by Aden Knaap, Harvard University
“The most impossible job on this earth” was how the first United Nations Secretary-General summarized his position. This was due in no small part to uncertainty over the nature of the position itself. The founders of the UN offered little by way of job description. Chapter XV of the UN Charter provided that the Secretary-General would be “appointed by the General Assembly on the recommendation of the Security Council” and serve as “chief administrative officer of the organization.” Chapter XV merely required them to report annually “on the work of the organization”.
But Article 99 did allow for the Secretary-General to assume a more independent political role: the Secretary-General, it was written, may bring to the Security Council’s attention “any matter which in his opinion may threaten the maintenance of international peace and security.”
It is perhaps for this reason that the position has, to an extraordinary degree, been defined by the individual who holds it. The first—the Norwegian Trygve Lie—was instrumental in establishing the permanent UN headquarters in New York. His successors have brought their own skills and preoccupations to the role: from the emphasis of Dag Hammarskjöld (Sweden) on peacekeeping, to the focus of Kofi Annan (Ghana) on the Millennium Development Goals.
The selection process has been described as “part beauty pageant, part grand-jury investigation, and part college admissions essay.” To be sure, the process does require something of a balancing act from potential candidates. The process begins in the Security Council, where members vote in a series of secret straw polls over whether to “encourage” or “discourage” a particular candidate. The voting continues until a majority candidate emerges who is without a single veto from the Council’s permanent members. The General Assembly then formally votes to confirm the appointment.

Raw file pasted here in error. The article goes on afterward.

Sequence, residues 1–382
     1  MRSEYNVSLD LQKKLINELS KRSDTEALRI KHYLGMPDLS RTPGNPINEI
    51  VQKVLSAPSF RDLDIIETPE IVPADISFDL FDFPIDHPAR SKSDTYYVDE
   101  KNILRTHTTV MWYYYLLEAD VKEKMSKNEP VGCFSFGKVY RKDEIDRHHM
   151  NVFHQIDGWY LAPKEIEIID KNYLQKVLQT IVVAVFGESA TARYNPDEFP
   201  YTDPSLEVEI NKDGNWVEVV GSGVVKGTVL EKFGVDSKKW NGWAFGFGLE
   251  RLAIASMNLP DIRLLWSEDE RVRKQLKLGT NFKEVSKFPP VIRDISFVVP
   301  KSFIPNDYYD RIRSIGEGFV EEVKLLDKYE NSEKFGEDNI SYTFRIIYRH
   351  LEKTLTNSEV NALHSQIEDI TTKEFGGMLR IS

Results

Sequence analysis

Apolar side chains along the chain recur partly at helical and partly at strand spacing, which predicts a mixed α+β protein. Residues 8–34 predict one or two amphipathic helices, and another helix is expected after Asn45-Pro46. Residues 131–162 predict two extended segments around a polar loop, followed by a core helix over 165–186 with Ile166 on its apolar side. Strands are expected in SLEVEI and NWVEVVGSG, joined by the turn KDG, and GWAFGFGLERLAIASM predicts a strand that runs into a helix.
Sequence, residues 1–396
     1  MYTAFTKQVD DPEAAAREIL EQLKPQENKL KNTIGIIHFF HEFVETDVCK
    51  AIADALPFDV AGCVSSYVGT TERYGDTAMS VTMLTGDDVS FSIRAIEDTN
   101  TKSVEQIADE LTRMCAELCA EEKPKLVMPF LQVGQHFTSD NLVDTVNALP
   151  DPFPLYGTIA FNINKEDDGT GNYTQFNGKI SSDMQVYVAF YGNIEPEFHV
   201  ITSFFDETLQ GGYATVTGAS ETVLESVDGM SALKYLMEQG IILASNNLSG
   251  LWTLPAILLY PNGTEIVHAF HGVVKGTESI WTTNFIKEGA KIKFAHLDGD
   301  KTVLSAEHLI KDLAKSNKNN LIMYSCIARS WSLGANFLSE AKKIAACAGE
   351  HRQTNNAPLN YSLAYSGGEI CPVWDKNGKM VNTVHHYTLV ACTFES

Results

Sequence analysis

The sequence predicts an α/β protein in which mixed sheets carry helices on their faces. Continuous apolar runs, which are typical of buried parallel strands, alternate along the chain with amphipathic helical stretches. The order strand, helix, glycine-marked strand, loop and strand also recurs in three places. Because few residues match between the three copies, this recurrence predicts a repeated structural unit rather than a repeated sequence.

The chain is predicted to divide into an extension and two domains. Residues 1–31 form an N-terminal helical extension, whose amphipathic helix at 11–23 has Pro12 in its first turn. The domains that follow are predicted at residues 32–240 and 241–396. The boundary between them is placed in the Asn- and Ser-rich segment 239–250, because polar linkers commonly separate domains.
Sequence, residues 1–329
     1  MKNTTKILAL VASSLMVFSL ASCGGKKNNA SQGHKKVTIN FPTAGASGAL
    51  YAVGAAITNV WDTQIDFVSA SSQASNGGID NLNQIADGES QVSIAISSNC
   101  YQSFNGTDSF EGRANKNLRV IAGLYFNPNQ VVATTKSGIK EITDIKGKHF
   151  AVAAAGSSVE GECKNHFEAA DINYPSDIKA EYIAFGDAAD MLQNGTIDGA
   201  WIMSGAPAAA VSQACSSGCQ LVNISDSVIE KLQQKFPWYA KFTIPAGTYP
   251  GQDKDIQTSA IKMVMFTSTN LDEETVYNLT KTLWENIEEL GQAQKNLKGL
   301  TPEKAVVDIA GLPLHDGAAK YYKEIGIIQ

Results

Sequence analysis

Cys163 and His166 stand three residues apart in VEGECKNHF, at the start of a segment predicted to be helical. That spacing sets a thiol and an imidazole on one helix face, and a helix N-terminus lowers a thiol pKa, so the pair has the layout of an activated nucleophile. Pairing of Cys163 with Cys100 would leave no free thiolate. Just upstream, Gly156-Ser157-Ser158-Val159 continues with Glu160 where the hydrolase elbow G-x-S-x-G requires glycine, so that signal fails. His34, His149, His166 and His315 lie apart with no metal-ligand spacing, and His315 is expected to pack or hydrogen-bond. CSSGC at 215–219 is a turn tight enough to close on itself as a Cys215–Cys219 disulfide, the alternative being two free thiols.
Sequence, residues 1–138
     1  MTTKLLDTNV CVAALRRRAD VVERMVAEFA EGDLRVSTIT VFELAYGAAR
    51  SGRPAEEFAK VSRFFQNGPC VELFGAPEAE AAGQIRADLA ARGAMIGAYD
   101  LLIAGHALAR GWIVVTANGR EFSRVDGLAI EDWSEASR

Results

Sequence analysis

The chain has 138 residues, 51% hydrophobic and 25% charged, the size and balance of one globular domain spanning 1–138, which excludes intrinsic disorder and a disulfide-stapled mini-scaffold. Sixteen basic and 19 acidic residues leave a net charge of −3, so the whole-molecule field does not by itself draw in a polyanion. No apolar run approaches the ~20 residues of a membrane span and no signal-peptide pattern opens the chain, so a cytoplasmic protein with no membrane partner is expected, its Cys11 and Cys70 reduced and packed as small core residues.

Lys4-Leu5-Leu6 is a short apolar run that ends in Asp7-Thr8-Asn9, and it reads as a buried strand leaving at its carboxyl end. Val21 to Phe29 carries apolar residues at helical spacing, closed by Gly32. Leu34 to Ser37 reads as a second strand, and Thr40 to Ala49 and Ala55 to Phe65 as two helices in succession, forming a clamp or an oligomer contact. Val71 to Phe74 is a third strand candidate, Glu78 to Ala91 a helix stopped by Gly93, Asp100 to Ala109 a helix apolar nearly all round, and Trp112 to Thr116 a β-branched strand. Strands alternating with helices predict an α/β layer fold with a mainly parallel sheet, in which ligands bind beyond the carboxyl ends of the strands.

A new secretary-general was most recently chosen in October 2016. In the lead up to the election, there was a strong push to elect a woman for the first time in the UN’s history; potential candidates included a former prime minister of New Zealand and head of the UN Development Programme, the director-general of UNESCO, foreign ministers, and high-level UN officials. Instead, the General Assembly settled on António Guterres, former Prime Minister of Portugal and UN High Commissioner for Refugees, while making fictional superhero Wonder Woman Honorary Ambassador for the Empowerment of Women and Girls. Still, the response from many commentators has been positive: the New York Times, for example, singled out Guterres as “an excellent choice” based on his “experience, energy and diplomatic finesse.”
This page provides resources for understanding the history of the Secretary-General and links to major media outlets’ assessments of Guterres.